Date(s) - 10/03/2023
2:30 pm - 3:30 pm
Prof. Jon Stokes
Dept. of Biochemistry & Biomedical Sciences, McMaster University
Acinetobacter baumannii is a nosocomial Gram-negative pathogen that often displays multidrug resistance. Discovering new antibiotics against A. baumannii has proven challenging through conventional screening approaches. Fortunately, machine learning methods allow for the rapid exploration of chemical space, increasing the probability of discovering new antibacterial molecules. In this talk, we will explore the utility of discriminative and generative machine learning methods for novel antibiotic discovery against this burdensome pathogen.
Jon received his BHSc in 2011 and his PhD in antimicrobial chemical biology in 2016, both from McMaster University. From 2017 to 2021 he was a postdoctoral fellow at the Broad Institute of MIT and Harvard, carrying a prestigious Banting Fellowship from 2018-2020. Upon completing his postdoc, Jon established his laboratory back at McMaster in the Department of Biochemistry and Biomedical Sciences in August 2021. The Stokes lab leverages a mindful balance of experimental and computational approaches to discover the next generation of life-saving antibiotics with novel structures and functions that expand the capabilities of these medicines beyond the current state of the art. One of our primary interests, quite broadly, is in the application of deep learning approaches to help us predict the antibacterial properties of structurally novel small molecules. Moreover, we seek to elucidate the molecular mechanisms underlying tolerance to antibiotics, which is the case where conventional bactericidal antibiotics fail to eradicate genetically antibiotic-susceptible bacterial cells. Indeed, these poorly understood antibiotic tolerant bacterial populations are responsible for prolonging antibiotic treatment durations in immunocompromised patients and facilitating the evolution of bona fide antibiotic resistance.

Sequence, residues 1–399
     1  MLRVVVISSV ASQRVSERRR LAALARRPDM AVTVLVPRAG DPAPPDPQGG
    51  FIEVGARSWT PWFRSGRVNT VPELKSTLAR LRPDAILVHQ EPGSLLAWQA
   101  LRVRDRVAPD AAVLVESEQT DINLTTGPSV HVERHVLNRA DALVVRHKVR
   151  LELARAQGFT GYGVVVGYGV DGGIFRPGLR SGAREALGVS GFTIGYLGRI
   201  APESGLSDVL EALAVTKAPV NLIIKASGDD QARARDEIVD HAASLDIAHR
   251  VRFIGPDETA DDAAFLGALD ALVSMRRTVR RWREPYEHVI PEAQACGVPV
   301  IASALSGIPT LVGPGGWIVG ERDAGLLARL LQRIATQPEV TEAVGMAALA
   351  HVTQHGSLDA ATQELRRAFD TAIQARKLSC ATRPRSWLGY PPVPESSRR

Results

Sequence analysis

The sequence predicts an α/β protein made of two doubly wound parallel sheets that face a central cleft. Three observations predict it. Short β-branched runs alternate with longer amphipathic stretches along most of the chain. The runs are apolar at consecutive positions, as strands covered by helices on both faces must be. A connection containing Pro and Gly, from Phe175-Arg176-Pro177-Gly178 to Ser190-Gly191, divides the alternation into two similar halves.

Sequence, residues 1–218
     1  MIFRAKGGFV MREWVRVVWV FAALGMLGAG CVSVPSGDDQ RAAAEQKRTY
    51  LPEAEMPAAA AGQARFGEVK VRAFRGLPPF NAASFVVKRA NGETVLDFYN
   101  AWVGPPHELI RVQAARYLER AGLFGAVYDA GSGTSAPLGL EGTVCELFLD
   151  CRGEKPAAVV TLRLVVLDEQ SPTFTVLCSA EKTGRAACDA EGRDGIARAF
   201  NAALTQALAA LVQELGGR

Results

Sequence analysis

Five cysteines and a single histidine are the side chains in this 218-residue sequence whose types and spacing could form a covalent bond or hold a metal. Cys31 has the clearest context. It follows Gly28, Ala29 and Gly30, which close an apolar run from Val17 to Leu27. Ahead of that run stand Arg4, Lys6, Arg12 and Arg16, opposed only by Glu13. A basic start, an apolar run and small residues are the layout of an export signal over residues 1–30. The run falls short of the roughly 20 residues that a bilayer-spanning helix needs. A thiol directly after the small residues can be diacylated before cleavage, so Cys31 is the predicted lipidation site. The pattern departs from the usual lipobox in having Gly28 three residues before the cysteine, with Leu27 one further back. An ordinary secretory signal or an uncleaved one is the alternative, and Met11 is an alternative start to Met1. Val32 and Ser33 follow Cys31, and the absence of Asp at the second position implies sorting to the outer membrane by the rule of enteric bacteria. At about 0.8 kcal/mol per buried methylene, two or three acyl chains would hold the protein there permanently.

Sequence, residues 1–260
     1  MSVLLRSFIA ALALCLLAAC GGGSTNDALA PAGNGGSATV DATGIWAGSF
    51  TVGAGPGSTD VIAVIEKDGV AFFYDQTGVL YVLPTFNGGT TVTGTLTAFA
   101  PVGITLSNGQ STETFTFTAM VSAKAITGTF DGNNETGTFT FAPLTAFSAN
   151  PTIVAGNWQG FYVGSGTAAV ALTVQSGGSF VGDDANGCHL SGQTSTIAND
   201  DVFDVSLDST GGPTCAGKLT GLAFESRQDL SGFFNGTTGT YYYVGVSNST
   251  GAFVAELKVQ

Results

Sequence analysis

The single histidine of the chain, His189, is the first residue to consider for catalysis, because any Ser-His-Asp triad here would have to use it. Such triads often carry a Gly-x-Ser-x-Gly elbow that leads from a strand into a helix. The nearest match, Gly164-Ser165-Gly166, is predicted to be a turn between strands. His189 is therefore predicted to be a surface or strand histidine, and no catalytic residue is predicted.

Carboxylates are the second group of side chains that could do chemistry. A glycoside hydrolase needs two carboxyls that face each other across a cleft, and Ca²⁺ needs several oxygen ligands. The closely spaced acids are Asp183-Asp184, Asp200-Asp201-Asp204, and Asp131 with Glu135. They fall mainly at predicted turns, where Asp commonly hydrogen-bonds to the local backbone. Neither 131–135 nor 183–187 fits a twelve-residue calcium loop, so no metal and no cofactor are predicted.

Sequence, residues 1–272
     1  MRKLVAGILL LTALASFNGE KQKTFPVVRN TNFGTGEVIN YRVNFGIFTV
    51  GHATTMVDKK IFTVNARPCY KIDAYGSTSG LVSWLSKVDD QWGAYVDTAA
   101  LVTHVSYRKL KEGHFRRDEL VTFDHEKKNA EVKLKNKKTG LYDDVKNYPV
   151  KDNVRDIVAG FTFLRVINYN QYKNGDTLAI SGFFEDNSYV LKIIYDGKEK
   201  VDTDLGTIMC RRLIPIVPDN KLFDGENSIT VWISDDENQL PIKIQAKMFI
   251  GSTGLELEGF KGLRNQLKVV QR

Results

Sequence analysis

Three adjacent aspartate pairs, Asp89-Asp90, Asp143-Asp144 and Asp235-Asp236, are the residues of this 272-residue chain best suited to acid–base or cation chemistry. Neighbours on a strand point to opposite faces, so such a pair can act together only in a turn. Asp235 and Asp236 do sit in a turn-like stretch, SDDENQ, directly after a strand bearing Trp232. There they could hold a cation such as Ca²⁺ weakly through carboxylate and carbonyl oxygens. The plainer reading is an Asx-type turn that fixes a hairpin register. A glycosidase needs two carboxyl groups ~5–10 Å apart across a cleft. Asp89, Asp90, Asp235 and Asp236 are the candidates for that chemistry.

In-Person: ABB 102